Rate: Prose: $10 – $100, Poems: $25 per piece
An annual literary journal that publishes world-class fiction, poetry, prose, interviews, and craft essays.
TIP: Publishes high-quality literary pieces from emerging and established writers. All styles and aesthetic approaches are accepted.
Contact: Editor | Matt Craft
Rate: Prose: 1 cent per word up to $50 | Poems: $10
Published three times a year, this literary magazine prints fiction, nonfiction, poetry, reviews, occasionally interviews, and essays.
TIP: “Always looking for more nonfiction.”
Contact: Editor-in-Chief | Bernardo Wade
Rate: $5 per page
This biannual literary publication showcases the talents of authors and writers of fiction, poetry, art, and essays.
TIP: No set guidelines regarding content but read the publication prior to submitting.
Contact: Editor | Lynne Nugent
Rate: Nonfiction: 8 cents per word ($100 minimum) and pays expenses of writers on assignment. Poetry: $1.50 per line ($40 minimum)
Quarterly literary magazine covering poetry, fiction, creative nonfiction, essays, historical, memoir, personal experience, travel, and Canadian book reviews.
TIP: Willing to work with new, unpublished writers.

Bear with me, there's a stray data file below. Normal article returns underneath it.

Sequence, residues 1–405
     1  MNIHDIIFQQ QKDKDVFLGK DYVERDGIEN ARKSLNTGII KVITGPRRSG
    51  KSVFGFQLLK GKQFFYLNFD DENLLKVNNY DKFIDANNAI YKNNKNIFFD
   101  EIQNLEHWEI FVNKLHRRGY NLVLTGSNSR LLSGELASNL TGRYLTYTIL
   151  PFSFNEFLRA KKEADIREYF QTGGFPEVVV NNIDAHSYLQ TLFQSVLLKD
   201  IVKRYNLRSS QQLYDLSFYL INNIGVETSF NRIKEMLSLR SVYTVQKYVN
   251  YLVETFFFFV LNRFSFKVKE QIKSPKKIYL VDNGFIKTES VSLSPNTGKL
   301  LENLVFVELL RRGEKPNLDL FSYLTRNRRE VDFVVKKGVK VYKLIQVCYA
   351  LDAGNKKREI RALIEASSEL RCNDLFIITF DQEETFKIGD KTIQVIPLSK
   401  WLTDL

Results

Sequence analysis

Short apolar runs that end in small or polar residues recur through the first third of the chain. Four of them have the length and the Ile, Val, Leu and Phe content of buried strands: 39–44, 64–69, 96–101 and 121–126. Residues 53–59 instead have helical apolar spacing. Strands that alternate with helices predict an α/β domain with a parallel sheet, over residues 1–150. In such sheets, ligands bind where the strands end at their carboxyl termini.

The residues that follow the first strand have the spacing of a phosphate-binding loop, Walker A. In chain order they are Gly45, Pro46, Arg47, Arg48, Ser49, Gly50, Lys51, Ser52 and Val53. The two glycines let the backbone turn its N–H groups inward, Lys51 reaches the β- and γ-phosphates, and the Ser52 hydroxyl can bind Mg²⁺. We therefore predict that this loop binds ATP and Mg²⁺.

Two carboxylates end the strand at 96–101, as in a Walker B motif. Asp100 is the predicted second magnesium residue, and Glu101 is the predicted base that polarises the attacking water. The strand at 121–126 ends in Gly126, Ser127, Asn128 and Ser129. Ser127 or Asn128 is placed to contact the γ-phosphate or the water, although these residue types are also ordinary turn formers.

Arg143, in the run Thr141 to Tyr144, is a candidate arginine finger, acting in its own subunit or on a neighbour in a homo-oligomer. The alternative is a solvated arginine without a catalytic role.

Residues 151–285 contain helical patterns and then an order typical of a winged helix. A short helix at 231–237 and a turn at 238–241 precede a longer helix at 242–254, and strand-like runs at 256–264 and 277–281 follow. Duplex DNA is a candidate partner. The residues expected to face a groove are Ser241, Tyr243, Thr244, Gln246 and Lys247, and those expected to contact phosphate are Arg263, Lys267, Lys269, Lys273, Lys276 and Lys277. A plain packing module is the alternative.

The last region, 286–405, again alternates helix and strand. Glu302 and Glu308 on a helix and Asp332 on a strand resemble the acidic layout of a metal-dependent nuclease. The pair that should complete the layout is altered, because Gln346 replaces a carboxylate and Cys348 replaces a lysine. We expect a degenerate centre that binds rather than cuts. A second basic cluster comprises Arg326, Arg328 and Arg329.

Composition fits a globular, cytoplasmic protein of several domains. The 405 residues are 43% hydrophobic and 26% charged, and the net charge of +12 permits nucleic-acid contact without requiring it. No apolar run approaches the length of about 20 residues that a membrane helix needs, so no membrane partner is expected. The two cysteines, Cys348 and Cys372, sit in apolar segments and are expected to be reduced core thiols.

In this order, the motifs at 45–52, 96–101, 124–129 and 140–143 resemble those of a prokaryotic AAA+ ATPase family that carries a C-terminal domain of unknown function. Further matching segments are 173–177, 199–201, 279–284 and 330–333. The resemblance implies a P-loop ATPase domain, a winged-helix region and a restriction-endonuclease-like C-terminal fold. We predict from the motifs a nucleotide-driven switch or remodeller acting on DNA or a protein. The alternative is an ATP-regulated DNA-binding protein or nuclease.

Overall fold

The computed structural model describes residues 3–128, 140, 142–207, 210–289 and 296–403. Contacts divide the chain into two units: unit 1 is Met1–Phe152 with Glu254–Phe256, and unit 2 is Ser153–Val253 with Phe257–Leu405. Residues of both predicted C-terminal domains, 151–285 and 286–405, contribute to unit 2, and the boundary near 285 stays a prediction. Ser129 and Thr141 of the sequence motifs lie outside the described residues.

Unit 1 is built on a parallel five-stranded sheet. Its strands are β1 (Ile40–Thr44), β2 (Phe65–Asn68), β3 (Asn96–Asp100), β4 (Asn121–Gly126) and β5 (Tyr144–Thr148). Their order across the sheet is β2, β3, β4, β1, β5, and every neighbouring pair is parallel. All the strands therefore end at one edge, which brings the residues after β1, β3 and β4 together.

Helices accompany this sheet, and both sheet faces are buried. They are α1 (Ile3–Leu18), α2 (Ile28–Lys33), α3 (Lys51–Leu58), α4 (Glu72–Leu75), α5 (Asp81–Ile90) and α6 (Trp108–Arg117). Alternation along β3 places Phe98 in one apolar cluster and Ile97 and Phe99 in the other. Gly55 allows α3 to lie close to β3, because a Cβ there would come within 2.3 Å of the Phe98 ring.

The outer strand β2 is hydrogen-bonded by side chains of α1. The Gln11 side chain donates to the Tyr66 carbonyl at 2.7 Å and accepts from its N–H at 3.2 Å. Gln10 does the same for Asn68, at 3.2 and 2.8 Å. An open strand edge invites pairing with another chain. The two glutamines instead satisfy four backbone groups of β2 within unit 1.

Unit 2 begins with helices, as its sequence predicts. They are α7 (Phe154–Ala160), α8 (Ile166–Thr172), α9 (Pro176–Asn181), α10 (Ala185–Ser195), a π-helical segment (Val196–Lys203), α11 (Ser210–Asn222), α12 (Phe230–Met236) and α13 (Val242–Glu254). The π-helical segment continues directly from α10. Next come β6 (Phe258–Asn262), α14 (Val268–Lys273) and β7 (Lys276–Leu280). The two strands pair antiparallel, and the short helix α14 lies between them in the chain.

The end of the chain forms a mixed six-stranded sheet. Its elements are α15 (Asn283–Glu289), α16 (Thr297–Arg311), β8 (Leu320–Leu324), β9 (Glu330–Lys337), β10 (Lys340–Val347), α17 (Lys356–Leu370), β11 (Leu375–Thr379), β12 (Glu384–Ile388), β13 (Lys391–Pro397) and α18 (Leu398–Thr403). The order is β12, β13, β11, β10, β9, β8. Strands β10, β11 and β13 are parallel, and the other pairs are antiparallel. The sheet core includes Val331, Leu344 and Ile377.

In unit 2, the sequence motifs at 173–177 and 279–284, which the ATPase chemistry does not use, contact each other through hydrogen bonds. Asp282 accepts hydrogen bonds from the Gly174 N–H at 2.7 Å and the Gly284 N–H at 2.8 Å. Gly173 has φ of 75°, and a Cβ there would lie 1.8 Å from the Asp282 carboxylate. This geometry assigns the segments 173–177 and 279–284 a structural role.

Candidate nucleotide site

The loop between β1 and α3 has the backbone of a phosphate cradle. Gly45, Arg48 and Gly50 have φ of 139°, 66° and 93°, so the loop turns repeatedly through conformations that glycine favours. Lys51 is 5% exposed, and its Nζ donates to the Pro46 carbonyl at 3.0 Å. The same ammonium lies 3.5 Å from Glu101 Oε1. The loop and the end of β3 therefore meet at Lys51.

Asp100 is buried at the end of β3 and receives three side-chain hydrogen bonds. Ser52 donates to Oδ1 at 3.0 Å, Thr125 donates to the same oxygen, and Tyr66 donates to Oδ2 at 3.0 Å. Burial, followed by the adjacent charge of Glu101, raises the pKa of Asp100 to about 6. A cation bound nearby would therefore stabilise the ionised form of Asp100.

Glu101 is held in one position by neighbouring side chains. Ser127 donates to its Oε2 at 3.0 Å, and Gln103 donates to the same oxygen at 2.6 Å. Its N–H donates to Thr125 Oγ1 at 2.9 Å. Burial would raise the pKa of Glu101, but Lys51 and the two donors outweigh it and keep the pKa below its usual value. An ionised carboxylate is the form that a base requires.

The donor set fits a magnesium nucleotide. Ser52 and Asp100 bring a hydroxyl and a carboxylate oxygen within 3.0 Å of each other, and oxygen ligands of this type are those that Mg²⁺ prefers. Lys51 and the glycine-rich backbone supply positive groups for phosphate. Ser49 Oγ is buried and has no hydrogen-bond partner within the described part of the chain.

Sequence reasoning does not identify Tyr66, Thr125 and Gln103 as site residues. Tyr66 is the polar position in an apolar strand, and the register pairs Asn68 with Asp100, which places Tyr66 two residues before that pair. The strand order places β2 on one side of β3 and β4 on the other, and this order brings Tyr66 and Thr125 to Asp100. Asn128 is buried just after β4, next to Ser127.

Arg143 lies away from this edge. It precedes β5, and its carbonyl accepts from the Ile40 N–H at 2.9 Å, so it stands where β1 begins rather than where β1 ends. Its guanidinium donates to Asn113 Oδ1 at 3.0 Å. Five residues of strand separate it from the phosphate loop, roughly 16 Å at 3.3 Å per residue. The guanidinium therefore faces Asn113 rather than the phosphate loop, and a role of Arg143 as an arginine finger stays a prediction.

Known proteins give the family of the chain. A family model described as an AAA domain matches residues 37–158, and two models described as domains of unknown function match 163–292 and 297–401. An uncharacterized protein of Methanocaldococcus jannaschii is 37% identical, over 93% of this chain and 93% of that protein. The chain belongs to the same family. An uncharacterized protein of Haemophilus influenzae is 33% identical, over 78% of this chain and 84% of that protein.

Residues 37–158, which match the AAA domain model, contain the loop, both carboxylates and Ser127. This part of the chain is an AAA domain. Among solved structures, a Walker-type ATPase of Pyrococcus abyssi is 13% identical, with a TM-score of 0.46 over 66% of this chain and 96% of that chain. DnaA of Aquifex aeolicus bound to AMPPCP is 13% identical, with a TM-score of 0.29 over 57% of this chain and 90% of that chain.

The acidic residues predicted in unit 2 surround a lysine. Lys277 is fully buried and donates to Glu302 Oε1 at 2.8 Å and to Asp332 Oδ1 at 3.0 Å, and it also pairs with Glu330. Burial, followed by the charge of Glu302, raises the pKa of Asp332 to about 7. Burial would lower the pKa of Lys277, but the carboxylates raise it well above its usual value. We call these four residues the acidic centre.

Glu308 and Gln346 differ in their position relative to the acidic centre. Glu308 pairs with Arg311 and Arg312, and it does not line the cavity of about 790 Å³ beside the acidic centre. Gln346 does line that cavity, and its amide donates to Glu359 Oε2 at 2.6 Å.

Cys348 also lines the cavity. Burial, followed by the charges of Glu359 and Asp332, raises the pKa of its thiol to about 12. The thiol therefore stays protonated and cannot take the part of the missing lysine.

Rate: $65 per Canadian magazine page
Quarterly publishes nonfiction, fiction, and poetry.
TIP: Seeks “promising new and established writers.”
Contact: Managing Editor | Emily Wojcik
Rate: $50 per piece
Semi-annual magazine publishes “the highest-quality fiction, poetry, and translations of contemporary poetry and fiction-must include original and proof of permission to translate.” Also, seeking “more creative nonfiction.”
TIP: “Seeking translations of contemporary authors from all languages into English.” Publishes new and established authors.
Contact: Editor-in-Chief | Abigail Cloud
Rate: $10 per piece
A quarterly literary magazine, which “features articles on science, politics, humanities, arts, and letters.” The pub also does “extensive book reviews and some poetry and fiction.”
TIP: Specifically “interested in poetry by Canadian writers.” Publishes five new writers per year.
Rate: Nonfiction and Fiction: “Payment to new writers will be determined at time of acceptance” of submission, up to 2,000 words. | Poetry: $50 – maximum of 6 poems per submission.
A Canadian feminist literary journal based in Vancouver that “showcases fiction, poetry, artwork, reviews, interviews, and profiles.”
Contact: Editor | Kevin Larimer
Rate: $50 – $120
A quarterly magazine, which publishes contemporary literature of fiction, nonfiction, and poetry in the U.S. and internationally.
TIP: The pub needs nonfiction essays, general interest, memoirs, personal experience, and travel pieces.
Rate: “$50 for first pages and $25 each subsequent printed page.”
The magazine quarterly publishes articles on “ranching, farming, and the issues that affect agriculture.” It is “devoted to the issues that threaten the West, its people, lifestyles, lands, and wildlife.”
Contact: Editor/Publisher | C.J. Hadley
Rate: $50 – $500 for new writers; pays more for regular writers